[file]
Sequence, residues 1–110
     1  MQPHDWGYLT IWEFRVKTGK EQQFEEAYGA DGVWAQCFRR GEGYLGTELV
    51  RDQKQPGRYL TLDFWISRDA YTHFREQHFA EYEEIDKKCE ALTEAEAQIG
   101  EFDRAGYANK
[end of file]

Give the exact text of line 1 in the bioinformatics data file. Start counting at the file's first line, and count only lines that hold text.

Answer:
Sequence, residues 1–110